Abstract and Keywords
Moro and Berlinguer were instrumental in the rapprochement between the Communist Party and Christian Democracy (DC) in the mid-1970s. As President of the DC, Moro identified cooperation with the Communists as a way to tackle the backwardness and divisions of Italian society and the unevenness of economic development. As leader of the Italian Communist Party (PCI), Berlinguer steered the party away from the USSR and improved relations with the Catholic Church. He thought Italian democracy could be strengthened only through a convergence between the DC and the PCI. In 1976 cooperation was inaugurated: the Communists allowed the formation of a DC government by not voting against it. However, Moro recognized the impossibility of a full alliance, seeing as the Americans remained opposed. Cooperation was short-lived after Moro’s murder by the Red Brigades in 1978: Berlinguer was unable to gain legitimation for the PCI’s continuing collaboration with the DC.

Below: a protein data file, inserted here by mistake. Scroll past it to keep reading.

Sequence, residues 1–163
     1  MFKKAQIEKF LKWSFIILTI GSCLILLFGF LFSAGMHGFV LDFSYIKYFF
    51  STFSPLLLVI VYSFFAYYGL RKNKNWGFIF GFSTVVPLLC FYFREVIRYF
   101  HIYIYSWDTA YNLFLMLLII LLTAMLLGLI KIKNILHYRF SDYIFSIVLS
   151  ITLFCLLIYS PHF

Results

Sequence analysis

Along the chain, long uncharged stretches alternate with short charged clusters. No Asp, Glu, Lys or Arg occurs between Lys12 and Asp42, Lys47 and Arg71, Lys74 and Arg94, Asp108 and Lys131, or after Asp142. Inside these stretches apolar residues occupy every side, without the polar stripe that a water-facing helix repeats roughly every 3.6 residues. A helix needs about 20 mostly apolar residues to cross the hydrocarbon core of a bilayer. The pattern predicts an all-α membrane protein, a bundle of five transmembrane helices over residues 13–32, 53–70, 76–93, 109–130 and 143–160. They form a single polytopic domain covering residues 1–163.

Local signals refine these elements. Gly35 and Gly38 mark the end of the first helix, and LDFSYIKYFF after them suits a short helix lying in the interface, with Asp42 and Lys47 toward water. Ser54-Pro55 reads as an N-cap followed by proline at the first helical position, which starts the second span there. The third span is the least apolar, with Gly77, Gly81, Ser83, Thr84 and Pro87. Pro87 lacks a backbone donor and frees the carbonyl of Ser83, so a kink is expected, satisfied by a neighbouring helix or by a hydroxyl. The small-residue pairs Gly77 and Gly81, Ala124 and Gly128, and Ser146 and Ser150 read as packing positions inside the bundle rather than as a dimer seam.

Access to the complete content on Oxford Handbooks Online requires a subscription or purchase. Public users are able to search the site and view the abstracts and keywords for each book and chapter without a subscription.
If you have purchased a print title that contains an access token, please see the token for information about how to register your code.